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Monday, February 1, 2016

Song of Lunch. Lovely shorter film By Christopher Reid, starring Alan Rickman and Emma Thompson, includes Guardian review.

A dramatisation of Christopher Reid's narrative poem, telling the story of a book editor who, 15 years after their break-up, meets his former love for a nostalgic lunch at the Soho restaurant they used to frequent. As the wine flows, the couple rake over their failed relationship.

View Programme information
Role Contributor
He Alan Rickman
She Emma Thompson
Waiter Andi Soric
Waitress Siubhan Harrison
Massimo Joseph Long
Noisy Boy Jamie Baughan
Noisy Boy David Hayler
Debauched Publishing Type James Richard Marshall
Producer Pier Wilkie
Director Niall MacCormick
Author Christopher Reid

A Review of this from The Guardian --

The Song of Lunch
A dramatised narrative poem might sound a bit dull but this one with Alan Rickman and Emma Thompson was wonderful

Let's not do lunch … Alan Rickman and Emma Thompson. Photograph: BBC

By Lucy Mangan @LucyMangan

Friday 8 October 2010 17.31 EDT

There are certain phrases that make the spirits of all but the most truly, thoroughly, devotedly highbrow television viewers (and I am not one of the eight left in the country) quail within them. They are "a dramatisation of a narrative poem", "to mark National Poetry Day" and "starring Alan Rickman and Emma Thompson". They were all deployed in the lead-up to The Song of Lunch.

But, if like me you steeled yourself, searched your soul for parts not yet rendered wholly moribund by a 10-year diet of reality TV and other assorted rubbish, and brought them quivering and blinking into the light, something rather strange happened.

The Song of Lunch – poem by Christopher Reid, direction by Niall MacCormick, brought to fruition against all the odds by the stump of BBC Drama Production – was the story of a man and a woman (played by Rickman and Thompson respectively – it wasn't that artsy-fartsy) who meet for lunch in a Soho restaurant, an old haunt, 15 years after their relationship ended.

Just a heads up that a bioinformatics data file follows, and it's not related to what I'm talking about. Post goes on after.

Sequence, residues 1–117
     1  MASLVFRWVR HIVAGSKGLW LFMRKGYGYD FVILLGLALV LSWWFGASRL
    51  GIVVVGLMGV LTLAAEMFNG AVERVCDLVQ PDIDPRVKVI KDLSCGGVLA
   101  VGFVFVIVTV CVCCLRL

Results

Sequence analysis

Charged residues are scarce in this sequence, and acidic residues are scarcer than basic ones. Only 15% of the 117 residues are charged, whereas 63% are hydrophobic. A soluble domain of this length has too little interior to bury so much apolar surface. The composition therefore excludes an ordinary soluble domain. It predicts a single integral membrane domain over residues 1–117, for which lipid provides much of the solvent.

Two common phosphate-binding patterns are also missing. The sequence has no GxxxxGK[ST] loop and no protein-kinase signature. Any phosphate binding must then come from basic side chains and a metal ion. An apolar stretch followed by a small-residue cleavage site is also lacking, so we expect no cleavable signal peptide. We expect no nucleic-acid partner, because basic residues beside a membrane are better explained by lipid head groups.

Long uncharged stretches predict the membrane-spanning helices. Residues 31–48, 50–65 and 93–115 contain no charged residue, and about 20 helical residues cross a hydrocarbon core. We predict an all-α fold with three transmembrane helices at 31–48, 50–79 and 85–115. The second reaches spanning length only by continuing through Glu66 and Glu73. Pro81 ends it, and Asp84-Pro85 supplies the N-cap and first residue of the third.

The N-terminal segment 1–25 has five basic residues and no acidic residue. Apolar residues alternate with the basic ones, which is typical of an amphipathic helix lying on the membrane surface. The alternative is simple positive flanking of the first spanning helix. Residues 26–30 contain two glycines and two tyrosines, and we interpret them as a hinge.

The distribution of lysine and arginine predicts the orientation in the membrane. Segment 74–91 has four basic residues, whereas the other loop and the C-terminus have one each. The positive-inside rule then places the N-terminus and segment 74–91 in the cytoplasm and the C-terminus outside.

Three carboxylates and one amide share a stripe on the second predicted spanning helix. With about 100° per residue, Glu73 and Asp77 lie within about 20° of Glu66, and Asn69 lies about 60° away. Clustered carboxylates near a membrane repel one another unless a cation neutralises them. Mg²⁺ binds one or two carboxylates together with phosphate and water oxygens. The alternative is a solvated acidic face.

She lives a glamorous life in Paris, married to a successful novelist, and is still vibrant, interested in the world and its people. He, on the other hand, has sunk into a melancholy middle age, bored with his publishing job, frustrated with himself and his lack of writing success. They sit across the table, two people in search of a wavelength they once shared but never quite finding it.

And it was wonderful. Every other line of the man's interior monologue – his mineral water's bubbles "mobbing up to greet him", the succour offered by another glass of wine "an insufficient bliss but repeatable later", even the smell of the men's toilets, "that jabbing kidney reek that calls all men brothers" – made you marvel. Rickman was, as apparently effortlessly as always, mesmerising, and even Thompson's apparently ineradicable de haut en bas inflection served her well in the role of a woman confronted with a now pitiable version of her past.

It was quietly moving, clever, beautiful, sad and true. Just wonderful.

A lovely, heartfelt tribute to Alan Rickman by Juliet Stevenson from - BBC Newsnight

'We've lost a king': Juliet Stevenson on Alan Rickman - BBC Newsnight

Tuesday, January 26, 2016

Calling You -- Jeff Buckley

Had no idea this existed.  Seems very appropriate given all the heart wrenching losses we've experienced lately.

All I can say is they must be building quite a talent agency in Heaven.

Tuesday, January 12, 2016

Bowie and Ricky Gervais: Their mutual love, respect and brilliant collaboration: Hilarious.

While we're all still reeling from our colossal loss, here's Bowie having a laugh at Gervais's expense (Extras). 

But, wait! There's more...

Gervais interviewed about the night he met David Bowie along with Salman Rushdie, etc.

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